Trachoma, lymphatic filariasis, schistosomiasis, onchocerciasis, and soil-transmitted helminth infections are found in overlapping populations; are controlled through broadly similar, often complementary, strategies involving MDA; and are mapped and monitored by sampling individuals from the population-at-risk using strategies that are also broadly similar but different in detail. Programmes for their control and elimination require improved diagnostic tools to guide decisions on the required intensity, frequency, and duration of intervention and to conduct surveillance for re-emergence of infection after elimination. Similarities between target product profiles ( and ) suggest the feasibility and desirability of integration of diagnostic approaches.
In many areas in which NTDs are highly endemic, basic health infrastructure is sparse or non-existent, and there are few trained personnel. Local laboratories may not have access to refrigeration, reliable power, or piped water; have highly variable capacity for performing diagnostic assays; and the capacity they do have is in general insufficient to meet existing diagnostic requirements of local clinical services. They are therefore ill-equipped to take on the extra burden of generating data to feed into NTD elimination programmes without provision of additional money, staff, training, equipment, reagents, and utilities—or robust technologies that could perform well despite limitations to supply of these resources.
The ideal integrated system might therefore be a portable, self-contained diagnostics platform, capable of performing multiplex assays for several infections of interest on one or a small number of sample types. A system employing microfluidics (“lab-on-a-chip”)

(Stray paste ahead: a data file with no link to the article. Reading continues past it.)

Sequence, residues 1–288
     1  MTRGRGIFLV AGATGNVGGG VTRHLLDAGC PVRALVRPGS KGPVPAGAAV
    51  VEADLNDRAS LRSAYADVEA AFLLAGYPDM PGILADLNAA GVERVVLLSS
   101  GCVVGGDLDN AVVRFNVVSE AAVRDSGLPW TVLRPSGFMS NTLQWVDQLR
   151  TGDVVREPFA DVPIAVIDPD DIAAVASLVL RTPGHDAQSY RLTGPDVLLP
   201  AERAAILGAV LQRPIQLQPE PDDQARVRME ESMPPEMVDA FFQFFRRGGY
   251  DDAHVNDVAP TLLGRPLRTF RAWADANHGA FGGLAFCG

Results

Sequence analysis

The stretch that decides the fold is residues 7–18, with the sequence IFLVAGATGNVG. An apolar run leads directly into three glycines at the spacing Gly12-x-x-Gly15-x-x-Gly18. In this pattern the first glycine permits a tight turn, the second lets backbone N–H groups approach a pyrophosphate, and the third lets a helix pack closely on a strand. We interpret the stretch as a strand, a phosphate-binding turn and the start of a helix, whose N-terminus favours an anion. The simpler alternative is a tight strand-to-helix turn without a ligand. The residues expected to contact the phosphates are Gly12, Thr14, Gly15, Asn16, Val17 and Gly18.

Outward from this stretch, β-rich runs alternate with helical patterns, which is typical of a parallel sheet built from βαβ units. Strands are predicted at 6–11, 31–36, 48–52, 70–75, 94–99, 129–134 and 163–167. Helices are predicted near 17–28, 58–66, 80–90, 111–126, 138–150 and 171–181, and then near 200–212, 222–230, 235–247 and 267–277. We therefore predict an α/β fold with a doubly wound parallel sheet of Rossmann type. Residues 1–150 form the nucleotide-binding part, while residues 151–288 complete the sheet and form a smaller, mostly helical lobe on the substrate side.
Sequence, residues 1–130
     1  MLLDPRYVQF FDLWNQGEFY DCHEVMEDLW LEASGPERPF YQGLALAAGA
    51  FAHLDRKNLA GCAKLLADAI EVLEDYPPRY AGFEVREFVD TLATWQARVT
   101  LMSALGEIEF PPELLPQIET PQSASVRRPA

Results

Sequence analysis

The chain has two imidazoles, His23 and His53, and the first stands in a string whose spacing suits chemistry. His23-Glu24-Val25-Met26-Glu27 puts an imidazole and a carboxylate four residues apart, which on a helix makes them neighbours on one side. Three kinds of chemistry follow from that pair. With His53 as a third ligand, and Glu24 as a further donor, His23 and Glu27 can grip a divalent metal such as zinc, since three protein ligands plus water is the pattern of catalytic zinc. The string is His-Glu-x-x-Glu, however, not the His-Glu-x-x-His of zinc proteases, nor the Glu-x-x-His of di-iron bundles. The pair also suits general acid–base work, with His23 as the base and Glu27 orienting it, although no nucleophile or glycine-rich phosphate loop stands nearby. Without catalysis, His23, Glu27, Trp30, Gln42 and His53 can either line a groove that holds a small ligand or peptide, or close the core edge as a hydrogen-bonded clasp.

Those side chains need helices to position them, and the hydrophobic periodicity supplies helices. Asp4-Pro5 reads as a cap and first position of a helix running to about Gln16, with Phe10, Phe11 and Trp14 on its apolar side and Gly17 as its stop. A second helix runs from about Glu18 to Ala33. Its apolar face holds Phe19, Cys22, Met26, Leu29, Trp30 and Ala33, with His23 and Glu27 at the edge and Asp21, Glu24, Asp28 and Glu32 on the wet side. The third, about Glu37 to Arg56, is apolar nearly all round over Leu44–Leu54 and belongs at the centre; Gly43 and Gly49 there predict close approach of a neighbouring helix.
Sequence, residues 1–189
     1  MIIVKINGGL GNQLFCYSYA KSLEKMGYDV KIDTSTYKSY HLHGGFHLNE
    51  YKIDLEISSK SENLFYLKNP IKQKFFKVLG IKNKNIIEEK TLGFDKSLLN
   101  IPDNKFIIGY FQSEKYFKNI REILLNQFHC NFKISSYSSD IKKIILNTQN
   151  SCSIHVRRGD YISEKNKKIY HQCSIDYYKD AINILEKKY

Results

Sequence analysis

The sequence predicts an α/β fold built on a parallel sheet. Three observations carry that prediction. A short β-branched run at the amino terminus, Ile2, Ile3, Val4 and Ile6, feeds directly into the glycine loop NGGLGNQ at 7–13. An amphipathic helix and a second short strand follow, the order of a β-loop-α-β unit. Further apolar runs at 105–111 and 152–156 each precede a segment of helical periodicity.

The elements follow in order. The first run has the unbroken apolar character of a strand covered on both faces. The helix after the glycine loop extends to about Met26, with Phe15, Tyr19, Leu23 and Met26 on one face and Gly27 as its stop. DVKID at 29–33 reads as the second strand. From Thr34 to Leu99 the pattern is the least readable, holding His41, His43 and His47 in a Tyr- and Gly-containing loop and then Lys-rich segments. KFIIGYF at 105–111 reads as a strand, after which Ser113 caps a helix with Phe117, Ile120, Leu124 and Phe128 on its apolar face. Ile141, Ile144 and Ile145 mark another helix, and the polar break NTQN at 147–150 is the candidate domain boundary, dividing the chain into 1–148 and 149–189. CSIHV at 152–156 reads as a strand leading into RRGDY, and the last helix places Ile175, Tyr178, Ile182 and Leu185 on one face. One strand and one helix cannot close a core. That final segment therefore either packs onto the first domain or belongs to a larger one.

technology could fulfil these requirements. The platform should be able to simultaneously undertake multiple roles in different NTD control programmes, each of which might be at various points of evolution within a given population. For example, in a district that had been hyperendemic at baseline for trachoma, soil-transmitted helminths, and lymphatic filariasis but in which interventions had already been in progress for a number of years, the platform would be capable of accurately detecting reductions in ocular C. trachomatis
infection, whilst simultaneously measuring the prevalence of soil-transmitted helminth infection and monitoring for post-elimination re-emergence of lymphatic filariasis. Since diseases of potential interest will vary from one population to the next, a modular format would provide opportunities to swap diagnostic capacity for particular infections in and out of the platform according to global, regional, or local priority. For example, in onchocerciasis-endemic areas, the capacity to test for loaiasis at the same time as measuring the prevalence of O. volvulus
infection would benefit programmes 
. Equally, the platform should be adaptable for the assessment of the community prevalence of HIV infection, malaria parasitaemia or anti-malaria antibody, and/or seroprevalence of antibodies to measles, rubella, or hepatitis B surface antigen following vaccination campaigns.